4. Investigation Of The Origin Of Various Water Sources In The Vicinity Of Ngancar Dam, Wonogiri Using Natural Isotopes

    International Nuclear Information System (INIS)

    Sidauruk, Paston; Indrojoyo; Wibagoyo; Pratikno, Bungkus; Evarista Ristin, P.I.

    2000-01-01

    The investigation of the origin of various water sources in the vicinity of Ngancar Dam, Wonogiri, using natural isotopes technique has been conducted. The study includes collecting and analyzing water samples from various sources in the vicinity of the dam such as reservoir water, water discharges, springs, local water well, rain water, water from piezometer and observation wells. For this investigation, natural isotopes composition and hydro chemical ions of the samples have been analyzed and interpreted. From the data interpretation, it is concluded that most of the water in various sources originated from water reservoir

  5. Sampling procedure, receipt and conservation of water samples to determine environmental radioactivity

    International Nuclear Information System (INIS)

    Herranz, M.; Navarro, E.; Payeras, J.

    2009-01-01

    The present document informs about essential goals, processes and contents that the subgroups Sampling and Samples Preparation and Conservation believe they should be part of the procedure to obtain a correct sampling, receipt, conservation and preparation of samples of continental, marine and waste water before qualifying its radioactive content.

  6. Radioactivity in waste water samples from COGEMA supplied by Greenpeace

    International Nuclear Information System (INIS)

    Reinen, H.A.J.M.; Kwakman, P.J.M.; Overwater, R.M.W.; Tax, R.B.; Nissan, L.A.

    1999-01-01

    The environmental organization Greenpeace sampled waste water from the reprocessing plant COGEMA in La Hague, France, in May 1999. On request of the Inspection Environmental Hygiene, The Dutch National Institute for Public Health and Environmental Protection (RIVM) determined the radioactivity of the waste water samples. 5 refs

  7. Determination of Phenols in Water Samples using a Supported ...

    African Journals Online (AJOL)

    The sample preparation method was tested for the determination of phenols in river water samples and landfill leachate. Concentrations of phenols in river water were found to be in the range 4.2 μg L–1 for 2-chlorophenol to 50 μg L–1 for 4-chlorophenol. In landfill leachate, 4-chlorophenol was detected at a concentration ...

  8. Measurement of 90Sr in fresh water samples

    International Nuclear Information System (INIS)

    Belanova, A.; Meresova, J.; Svetlik, I.; Tomaskova, L.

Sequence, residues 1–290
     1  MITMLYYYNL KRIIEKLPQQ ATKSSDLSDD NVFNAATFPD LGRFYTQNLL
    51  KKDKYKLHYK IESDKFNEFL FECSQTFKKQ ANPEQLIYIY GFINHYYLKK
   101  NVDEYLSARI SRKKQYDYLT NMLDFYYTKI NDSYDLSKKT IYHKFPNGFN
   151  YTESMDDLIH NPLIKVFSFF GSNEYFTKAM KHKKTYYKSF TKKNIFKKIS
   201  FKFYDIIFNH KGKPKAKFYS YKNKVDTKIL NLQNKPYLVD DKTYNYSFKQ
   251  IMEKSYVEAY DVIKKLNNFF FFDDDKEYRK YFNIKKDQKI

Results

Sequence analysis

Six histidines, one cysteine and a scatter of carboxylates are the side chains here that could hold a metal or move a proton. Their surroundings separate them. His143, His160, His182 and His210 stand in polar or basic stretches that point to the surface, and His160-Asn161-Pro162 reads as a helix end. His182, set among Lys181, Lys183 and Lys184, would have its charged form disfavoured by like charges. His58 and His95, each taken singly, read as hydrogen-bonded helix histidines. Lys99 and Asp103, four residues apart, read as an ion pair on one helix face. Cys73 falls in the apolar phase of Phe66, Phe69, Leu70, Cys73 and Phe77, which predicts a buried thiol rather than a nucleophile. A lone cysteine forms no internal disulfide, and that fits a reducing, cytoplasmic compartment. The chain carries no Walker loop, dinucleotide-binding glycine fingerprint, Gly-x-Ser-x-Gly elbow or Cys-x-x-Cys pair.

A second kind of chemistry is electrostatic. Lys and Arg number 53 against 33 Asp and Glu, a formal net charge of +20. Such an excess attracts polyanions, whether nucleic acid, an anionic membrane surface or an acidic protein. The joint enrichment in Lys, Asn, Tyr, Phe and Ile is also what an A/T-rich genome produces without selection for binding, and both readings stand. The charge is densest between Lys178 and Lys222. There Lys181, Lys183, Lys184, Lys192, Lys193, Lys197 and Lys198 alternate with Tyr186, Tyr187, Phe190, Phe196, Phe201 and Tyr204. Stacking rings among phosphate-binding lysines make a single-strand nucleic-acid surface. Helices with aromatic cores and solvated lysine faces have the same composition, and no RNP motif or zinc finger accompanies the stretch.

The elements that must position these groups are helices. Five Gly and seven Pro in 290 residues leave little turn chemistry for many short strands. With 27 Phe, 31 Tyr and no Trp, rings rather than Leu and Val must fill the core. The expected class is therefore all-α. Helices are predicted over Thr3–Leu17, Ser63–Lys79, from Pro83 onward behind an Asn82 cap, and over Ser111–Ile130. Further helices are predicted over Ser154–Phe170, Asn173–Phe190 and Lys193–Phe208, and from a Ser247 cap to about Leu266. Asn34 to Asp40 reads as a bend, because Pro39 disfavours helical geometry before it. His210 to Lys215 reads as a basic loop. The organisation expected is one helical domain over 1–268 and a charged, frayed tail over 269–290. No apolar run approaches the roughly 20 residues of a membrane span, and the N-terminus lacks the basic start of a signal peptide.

2008-01-01

    This preliminary study show new experimental approach to the determination of the radionuclide 90 Sr in water samples. The new method of dynamic windows utilizing liquid scintillation counting was applied on model and surface water samples. Our results show the demand of separation technique with significantly higher yields. (authors)

  9. Sampling procedure for lake or stream surface water chemistry

    Science.gov (United States)

    Robert Musselman

    2012-01-01

    Surface waters collected in the field for chemical analyses are easily contaminated. This research note presents a step-by-step detailed description of how to avoid sample contamination when field collecting, processing, and transporting surface water samples for laboratory analysis.

  10. A Comparison of Soil-Water Sampling Techniques

    Science.gov (United States)

    Tindall, J. A.; Figueroa-Johnson, M.; Friedel, M. J.

    2007-12-01

    The representativeness of soil pore water extracted by suction lysimeters in ground-water monitoring studies is a problem that often confounds interpretation of measured data. Current soil water sampling techniques cannot identify the soil volume from which a pore water sample is extracted, neither macroscopic, microscopic, or preferential flowpath. This research was undertaken to compare values of extracted suction lysimeters samples from intact soil cores with samples obtained by the direct extraction methods to determine what portion of soil pore water is sampled by each method. Intact soil cores (30 centimeter (cm) diameter by 40 cm height) were extracted from two different sites - a sandy soil near Altamonte Springs, Florida and a clayey soil near Centralia in Boone County, Missouri. Isotopically labeled water (O18? - analyzed by mass spectrometry) and bromide concentrations (KBr- - measured using ion chromatography) from water samples taken by suction lysimeters was compared with samples obtained by direct extraction methods of centrifugation and azeotropic distillation. Water samples collected by direct extraction were about 0.25 ? more negative (depleted) than that collected by suction lysimeter values from a sandy soil and about 2-7 ? more negative from a well structured clayey soil. Results indicate that the majority of soil water in well-structured soil is strongly bound to soil grain surfaces and is not easily sampled by suction lysimeters. In cases where a sufficient volume of water has passed through the soil profile and displaced previous pore water, suction lysimeters will collect a representative sample of soil pore water from the sampled depth interval. It is suggested that for stable isotope studies monitoring precipitation and soil water, suction lysimeter should be installed at shallow depths (10 cm). Samples should also be coordinated with precipitation events. The data also indicate that each extraction method be use to sample a different